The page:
Pianist Eric Reed’s ambition for his latest album is right there in the title: to create something beautiful. He succeeds. Something Beautiful is a pristine straight-ahead piano-trio date (with bassist Reuben Rogers and drummer Rodney Green) that’s equally thoughtful, playful and moving.
If beauty is Reed’s priority, his primary tools for it are swing and lyricism. The piano sings with as much expression as any vocalist on the gospel-imbued rendition of Rodgers and Hart’s “I Still Believe in You”; skips purposefully across “How Deep Is the Ocean?” and “Citadel”; and casts “In Your Own Sweet Way” as a euphonious waltz. Along the way Reed makes daring harmonic moves, injecting impressionism into the otherwise soulful changes of “Sun Out” and offering bravura runs on a tango arrangement of “Mad About the Boy.”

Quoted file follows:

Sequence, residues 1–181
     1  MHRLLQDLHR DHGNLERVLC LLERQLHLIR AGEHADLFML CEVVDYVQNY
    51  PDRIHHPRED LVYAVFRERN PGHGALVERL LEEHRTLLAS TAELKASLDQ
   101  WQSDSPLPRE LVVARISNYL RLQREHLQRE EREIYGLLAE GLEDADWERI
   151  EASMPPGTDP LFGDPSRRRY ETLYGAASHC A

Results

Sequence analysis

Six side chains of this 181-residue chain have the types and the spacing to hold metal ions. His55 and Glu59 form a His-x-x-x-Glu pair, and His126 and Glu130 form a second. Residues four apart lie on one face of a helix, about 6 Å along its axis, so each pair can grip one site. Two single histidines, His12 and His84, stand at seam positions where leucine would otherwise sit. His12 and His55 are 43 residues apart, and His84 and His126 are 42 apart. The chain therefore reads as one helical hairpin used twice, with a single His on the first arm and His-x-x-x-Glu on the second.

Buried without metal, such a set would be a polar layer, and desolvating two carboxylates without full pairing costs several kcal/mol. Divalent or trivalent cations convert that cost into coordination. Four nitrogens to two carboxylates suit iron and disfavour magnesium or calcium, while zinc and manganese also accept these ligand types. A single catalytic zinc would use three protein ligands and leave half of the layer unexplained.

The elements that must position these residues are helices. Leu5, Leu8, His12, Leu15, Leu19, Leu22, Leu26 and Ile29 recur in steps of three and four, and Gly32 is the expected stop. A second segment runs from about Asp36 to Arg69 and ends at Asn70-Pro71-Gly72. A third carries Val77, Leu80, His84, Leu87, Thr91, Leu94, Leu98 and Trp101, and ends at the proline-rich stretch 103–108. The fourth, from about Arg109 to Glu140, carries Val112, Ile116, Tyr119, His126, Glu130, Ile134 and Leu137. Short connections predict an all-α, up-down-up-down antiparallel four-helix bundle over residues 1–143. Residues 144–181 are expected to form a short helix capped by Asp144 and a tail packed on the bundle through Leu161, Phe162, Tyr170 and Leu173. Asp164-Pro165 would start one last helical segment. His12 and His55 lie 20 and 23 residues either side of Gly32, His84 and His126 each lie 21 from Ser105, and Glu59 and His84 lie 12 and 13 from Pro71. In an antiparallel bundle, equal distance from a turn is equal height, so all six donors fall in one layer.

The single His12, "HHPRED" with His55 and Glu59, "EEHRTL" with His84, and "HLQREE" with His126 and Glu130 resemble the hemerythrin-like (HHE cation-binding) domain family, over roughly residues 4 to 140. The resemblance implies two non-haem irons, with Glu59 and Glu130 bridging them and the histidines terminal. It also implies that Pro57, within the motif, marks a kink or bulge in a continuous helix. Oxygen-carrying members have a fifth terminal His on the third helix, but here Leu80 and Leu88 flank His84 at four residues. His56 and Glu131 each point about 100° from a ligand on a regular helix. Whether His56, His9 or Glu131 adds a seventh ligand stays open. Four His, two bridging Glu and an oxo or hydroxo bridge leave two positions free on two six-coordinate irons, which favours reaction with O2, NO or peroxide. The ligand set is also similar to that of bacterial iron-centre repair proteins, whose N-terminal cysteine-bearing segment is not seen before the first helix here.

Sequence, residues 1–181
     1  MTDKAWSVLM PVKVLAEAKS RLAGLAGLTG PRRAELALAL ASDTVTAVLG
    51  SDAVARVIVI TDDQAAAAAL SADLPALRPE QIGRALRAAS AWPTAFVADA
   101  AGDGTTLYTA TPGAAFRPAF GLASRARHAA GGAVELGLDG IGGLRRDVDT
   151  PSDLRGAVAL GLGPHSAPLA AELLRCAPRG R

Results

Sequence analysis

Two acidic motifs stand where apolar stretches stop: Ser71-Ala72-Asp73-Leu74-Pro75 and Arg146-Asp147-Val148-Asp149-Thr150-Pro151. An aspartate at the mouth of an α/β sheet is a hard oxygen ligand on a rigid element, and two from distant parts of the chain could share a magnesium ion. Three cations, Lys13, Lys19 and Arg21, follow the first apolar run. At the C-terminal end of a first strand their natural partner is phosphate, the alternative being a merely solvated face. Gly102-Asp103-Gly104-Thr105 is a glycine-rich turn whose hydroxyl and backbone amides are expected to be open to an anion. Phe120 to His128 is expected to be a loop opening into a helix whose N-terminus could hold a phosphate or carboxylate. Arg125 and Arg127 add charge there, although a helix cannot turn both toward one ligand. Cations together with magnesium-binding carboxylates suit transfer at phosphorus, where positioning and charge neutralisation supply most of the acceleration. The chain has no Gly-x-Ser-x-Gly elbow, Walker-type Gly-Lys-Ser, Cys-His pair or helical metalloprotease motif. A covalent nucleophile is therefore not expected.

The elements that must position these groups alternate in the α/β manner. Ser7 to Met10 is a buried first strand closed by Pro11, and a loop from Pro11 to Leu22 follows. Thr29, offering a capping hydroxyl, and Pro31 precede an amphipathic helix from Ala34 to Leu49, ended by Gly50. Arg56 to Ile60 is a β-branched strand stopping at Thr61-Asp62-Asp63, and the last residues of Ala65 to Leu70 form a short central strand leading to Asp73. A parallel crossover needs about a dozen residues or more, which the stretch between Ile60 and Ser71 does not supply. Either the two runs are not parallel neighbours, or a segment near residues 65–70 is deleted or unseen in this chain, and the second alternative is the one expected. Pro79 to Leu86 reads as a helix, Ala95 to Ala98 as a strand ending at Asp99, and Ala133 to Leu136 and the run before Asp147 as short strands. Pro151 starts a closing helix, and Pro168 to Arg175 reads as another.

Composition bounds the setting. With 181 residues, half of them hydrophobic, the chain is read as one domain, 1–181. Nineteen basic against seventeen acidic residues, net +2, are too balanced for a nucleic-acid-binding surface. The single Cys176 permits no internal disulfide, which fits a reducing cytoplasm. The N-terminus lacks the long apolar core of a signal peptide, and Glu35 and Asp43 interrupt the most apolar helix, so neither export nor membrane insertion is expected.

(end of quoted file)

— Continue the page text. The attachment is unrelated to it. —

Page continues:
Still, the album’s highlight is the somber “Black Tables,” out-moping its indie-rock source material with its funeral-march tempo and Reed’s doleful ballet figures. It also features a meditative solo by Rogers that sweeps across the instrument’s range—which, alongside his in-the-pocket comps (“Honesty”) and gorgeous obbligati (“Lift Up Your Hands to the Lord”) makes this among his best recordings. Green, meantime, maintains a sizzling ride cymbal that peaks on the title track, a sly Reed original, and nicely offsets his occasional moody mallets. Practically flawless, Something Beautiful is the kind of recording you want to preserve in amber.